Written by :  

Show Up and Succeed

Recent polls show that two out of every three people report feeling disengaged in their jobs; many of us would simply like to be more inspired by our work.

Perhaps you’re hoping for that extra bit of confidence to ask for a promotion. Maybe you’d like to be able to enjoy your work more, no matter what you’re doing or whom you’re working for. Or could it be that you hope others around you will finally recognize your skills and talents and reward you fairly for them.

For many of us it’s as simple as having a bit more energy, feeling a little happier and finally being able to create the success we know we’re capable of. But what are the tested and practical approaches you can use to show-up, shine and succeed at work?

Podcast series focuses on happiness and success in the workplace

Every day next week, from September 29 to October 3, Live Happy will feature a podcast and blog in which work/wellness expert Michelle McQuaid discusses different aspects of workplace success and happiness. Five podcasts will feature five prominent experts in the field, each addressing a different perspective on how we can become more engaged and be inspired by our work.

Louisa Jewell

Positive psychology expert Louisa Jewell notes that our sense of self-worth often impacts how we feel about our work.  

“Self-doubt causes us to engage in self-protective strategies at work like procrastination, hesitation and self-handicapping that hold us back from achieving the results we long for,” explains Louisa.

Self-doubt is an internal phenomenon that reflects the way you talk to yourself. You can counter it with awareness, disputing the negative self-talk, and with a healthy dose of self-compassion. Increasingly studies find that self-doubt is generated by the social evaluations of others and the commentary that surrounds us.

So how can you maintain your confidence in the face of other people’s criticism?

Margie Warrell

Courage coach and best-selling author Margie Warrell recommends making sure you are driven by what inspires you and not by what scares you.

“In order for you to get outside your comfort zone and stop playing small and safe, you need to have a clear purpose,” said Margie. “Try to find what it is you are willing to speak up about at work. If you think through how you might want to transition your career, start a new business or take on a great big job when there’s more chance of you failing than the one you’re in right now.”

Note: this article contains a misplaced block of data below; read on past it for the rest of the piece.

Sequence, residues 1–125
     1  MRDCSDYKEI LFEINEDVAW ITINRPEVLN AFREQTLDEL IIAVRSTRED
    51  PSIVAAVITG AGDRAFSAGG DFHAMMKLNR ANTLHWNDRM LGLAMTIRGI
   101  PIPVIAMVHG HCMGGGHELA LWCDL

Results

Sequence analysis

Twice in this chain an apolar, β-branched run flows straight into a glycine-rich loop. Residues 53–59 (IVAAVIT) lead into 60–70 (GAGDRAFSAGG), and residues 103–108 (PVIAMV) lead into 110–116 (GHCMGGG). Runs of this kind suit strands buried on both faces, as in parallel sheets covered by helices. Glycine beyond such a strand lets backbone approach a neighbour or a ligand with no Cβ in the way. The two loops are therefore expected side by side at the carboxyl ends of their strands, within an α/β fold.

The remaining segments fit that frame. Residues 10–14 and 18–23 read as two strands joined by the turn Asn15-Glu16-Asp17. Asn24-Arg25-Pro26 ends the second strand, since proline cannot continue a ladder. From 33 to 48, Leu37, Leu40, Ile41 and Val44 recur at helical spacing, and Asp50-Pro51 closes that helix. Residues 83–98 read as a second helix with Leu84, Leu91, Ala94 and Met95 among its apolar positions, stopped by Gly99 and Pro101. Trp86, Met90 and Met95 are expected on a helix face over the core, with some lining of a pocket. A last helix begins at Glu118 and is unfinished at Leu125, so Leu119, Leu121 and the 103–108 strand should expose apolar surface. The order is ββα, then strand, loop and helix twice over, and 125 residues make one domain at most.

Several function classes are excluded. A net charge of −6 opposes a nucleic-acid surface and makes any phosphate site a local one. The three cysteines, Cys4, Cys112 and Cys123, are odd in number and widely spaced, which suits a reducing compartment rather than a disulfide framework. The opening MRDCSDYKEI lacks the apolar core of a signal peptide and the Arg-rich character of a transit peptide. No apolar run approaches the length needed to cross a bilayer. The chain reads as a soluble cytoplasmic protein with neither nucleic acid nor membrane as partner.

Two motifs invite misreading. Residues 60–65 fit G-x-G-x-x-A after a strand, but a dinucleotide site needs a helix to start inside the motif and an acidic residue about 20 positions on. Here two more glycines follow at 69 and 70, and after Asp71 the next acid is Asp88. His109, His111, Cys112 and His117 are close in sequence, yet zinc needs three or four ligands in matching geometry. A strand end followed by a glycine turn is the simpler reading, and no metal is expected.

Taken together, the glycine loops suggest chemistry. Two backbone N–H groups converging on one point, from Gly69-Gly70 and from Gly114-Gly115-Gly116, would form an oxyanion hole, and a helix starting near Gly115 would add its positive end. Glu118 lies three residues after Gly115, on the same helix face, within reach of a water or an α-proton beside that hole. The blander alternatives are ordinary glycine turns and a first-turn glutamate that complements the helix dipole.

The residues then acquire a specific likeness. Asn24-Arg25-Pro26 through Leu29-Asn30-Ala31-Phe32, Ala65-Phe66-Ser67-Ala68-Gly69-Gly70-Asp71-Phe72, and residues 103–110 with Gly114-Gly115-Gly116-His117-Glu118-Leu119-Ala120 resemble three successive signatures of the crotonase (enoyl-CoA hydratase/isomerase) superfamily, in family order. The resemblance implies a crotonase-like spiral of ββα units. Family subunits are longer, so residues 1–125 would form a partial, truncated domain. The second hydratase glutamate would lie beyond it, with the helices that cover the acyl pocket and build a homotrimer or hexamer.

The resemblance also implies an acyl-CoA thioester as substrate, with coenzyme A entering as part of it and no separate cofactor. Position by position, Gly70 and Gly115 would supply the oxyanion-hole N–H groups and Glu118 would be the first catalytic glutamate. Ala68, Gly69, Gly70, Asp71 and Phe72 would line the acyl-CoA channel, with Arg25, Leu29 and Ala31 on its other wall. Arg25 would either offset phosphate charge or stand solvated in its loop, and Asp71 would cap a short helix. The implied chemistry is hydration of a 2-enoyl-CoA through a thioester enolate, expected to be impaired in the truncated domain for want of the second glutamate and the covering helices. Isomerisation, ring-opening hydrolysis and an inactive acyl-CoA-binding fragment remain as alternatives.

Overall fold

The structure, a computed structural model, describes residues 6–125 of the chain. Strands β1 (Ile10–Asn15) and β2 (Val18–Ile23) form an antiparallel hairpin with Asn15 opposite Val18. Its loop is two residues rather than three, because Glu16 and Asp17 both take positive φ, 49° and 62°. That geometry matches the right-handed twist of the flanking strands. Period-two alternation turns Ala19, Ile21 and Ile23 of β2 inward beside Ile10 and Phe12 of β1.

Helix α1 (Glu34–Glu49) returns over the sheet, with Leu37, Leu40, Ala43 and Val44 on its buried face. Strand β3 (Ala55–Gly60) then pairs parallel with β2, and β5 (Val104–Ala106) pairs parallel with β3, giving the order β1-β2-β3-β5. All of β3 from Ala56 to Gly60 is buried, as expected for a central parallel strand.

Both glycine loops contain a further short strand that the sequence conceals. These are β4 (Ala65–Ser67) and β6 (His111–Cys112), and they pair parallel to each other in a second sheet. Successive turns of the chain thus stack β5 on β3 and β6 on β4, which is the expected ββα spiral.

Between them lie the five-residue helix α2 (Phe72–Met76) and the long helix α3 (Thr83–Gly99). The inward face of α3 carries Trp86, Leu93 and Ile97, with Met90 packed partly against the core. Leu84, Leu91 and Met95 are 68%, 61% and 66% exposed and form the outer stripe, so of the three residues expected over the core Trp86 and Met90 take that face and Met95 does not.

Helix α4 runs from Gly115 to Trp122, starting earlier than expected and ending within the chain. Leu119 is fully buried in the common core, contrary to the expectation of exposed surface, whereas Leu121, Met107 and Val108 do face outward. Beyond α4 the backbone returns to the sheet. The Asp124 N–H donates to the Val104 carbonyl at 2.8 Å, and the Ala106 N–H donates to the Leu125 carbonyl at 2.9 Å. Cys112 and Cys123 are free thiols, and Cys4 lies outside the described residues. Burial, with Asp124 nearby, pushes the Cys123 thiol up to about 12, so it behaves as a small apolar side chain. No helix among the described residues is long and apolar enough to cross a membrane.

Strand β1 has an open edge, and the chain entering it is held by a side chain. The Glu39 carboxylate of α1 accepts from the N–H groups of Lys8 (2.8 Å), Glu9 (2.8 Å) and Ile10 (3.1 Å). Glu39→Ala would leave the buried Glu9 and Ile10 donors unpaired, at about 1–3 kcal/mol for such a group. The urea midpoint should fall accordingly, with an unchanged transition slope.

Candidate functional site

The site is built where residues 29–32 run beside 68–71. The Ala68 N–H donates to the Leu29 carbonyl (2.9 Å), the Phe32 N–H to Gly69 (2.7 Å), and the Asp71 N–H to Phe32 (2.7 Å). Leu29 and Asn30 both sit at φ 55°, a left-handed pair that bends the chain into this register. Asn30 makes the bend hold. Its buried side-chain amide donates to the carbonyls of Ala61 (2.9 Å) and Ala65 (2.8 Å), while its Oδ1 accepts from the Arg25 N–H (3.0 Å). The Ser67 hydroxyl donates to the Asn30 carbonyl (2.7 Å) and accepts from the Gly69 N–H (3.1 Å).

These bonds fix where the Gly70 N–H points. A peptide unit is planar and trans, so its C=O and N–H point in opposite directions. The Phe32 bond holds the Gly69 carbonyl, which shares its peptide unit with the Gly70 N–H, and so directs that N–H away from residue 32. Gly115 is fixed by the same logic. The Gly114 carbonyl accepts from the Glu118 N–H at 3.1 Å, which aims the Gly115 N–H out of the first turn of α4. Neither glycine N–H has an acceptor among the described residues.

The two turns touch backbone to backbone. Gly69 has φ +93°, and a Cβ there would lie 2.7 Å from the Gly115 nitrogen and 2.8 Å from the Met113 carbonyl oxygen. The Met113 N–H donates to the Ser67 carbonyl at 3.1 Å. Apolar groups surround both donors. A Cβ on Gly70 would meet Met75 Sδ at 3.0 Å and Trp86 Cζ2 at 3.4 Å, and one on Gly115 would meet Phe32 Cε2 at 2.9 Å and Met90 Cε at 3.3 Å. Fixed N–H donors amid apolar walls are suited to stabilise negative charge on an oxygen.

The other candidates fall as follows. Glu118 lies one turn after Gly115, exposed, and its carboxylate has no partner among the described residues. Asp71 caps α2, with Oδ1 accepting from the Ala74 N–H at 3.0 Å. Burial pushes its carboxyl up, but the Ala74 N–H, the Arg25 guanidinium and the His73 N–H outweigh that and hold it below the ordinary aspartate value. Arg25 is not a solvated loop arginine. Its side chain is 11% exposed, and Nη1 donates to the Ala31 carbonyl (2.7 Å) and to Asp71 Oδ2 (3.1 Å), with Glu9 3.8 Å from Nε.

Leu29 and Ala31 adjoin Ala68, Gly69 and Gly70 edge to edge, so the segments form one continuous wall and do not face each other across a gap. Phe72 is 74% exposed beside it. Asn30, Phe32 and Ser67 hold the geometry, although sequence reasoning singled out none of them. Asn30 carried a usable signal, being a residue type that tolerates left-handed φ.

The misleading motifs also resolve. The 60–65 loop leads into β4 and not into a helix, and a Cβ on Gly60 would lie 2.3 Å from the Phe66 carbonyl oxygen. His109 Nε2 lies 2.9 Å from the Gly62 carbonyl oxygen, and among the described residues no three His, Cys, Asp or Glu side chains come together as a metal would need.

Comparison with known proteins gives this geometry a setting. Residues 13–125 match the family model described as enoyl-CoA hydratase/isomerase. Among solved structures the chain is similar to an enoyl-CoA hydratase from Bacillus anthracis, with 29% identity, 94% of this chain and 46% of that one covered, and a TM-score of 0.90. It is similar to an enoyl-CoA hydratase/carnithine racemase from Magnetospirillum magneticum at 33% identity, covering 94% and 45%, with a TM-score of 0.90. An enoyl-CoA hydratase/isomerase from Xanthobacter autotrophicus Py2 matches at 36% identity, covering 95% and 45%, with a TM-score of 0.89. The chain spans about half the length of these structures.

Only when you can answer clearly ‘for the sake of what’ you’re willing to put yourself at risk, can you be as courageous as you can be, as purposeful as you can be and as successful as you can be.

But will you have the grit to sustain your efforts?

Angela Duckworth

Angela Duckworth, Associate Professor at the University of Pennsylvania defines grit as the passion and perseverance for long-term and challenging goals. It's being inclined to really stick with a couple of things you care about and work hard towards them over weeks, over years and even decades.

“Gritty people have placed extremely high values on their goals, and they understand that to accomplish anything worthwhile is going to require extraordinary investment,” explains Angela. “As a result they value habits, and accept that feelings of frustration are a normal part of growth.”

But how can you develop positive habits when your time at work and home is already maxed out?

B.J. Fogg

Behavioral psychologist B.J. Fogg, professor at Stanford University is dedicated to finding small changes that make improving our behavior easier.

“Tiny habits help you scale back bigger behaviors into many small behaviors and sequencing it somewhere in your life that fits well. It relies less on willpower and motivation to create change and more on redesigning your life little by little so over time these small shifts create dramatic results.”

For example, if you want to finally read the pile of articles and books growing next to your desk, then you could create a tiny habit recipe like this: After I turn on my computer at work, I will read one page. Then as the habit becomes routine, let it grow day by day until you’ve worked your way through the pile and are looking for new things to read.

Once they start to stick though how will you protect your tiny habits from everyone else’s demands on your time and energy?

Valorie Burton

Best-selling author and productivity coach Valorie Burton recommends setting and keeping clear boundaries with your boss and colleagues if you want to remain productive and happy at work.

“Start by asking yourself, what are the boundaries you need to set in order to protect your own peace, joy and serenity at work,” suggests Valorie. “Choose the areas where you most feel the need for change and then ask yourself what conversation is it time to have?”

To help you build up the courage, confidence and energy to take each of these steps, take the time to clarify in your own mind what it would take for you to show up, shine and succeed in ways that unleash your true potential at work.

Sign up for the podcasts to be delivered to your inbox

If you’re ready to feel more engaged and inspired about your work, and to learn practical strategies for flourishing from top experts in the field, be sure to join Louisa, Margie, Angela, B.J. and Valorie for this special series of interviews. Sign up by clicking here to have the podcasts sent directly to your inbox, beginning on Monday, September 29th, or simply visit LiveHappy.com to access the podcasts and accompanying blog.  


(Visited 130 times, 1 visits today)